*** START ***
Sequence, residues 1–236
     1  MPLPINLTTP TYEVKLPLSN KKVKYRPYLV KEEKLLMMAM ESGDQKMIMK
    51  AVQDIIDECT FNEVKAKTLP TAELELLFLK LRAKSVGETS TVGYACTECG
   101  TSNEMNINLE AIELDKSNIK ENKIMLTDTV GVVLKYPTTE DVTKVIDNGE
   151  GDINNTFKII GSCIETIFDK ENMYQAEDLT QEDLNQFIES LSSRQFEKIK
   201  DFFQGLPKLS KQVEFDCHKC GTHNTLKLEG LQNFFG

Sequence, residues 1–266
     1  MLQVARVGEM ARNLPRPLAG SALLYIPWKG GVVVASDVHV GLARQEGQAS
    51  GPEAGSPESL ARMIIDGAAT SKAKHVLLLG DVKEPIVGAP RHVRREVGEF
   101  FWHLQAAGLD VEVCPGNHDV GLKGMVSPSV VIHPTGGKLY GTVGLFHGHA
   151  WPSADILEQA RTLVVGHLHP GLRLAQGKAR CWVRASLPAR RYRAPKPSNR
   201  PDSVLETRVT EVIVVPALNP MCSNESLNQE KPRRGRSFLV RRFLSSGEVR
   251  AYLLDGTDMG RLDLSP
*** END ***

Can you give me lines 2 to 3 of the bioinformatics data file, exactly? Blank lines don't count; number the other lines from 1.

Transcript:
     1  MPLPINLTTP TYEVKLPLSN KKVKYRPYLV KEEKLLMMAM ESGDQKMIMK
    51  AVQDIIDECT FNEVKAKTLP TAELELLFLK LRAKSVGETS TVGYACTECG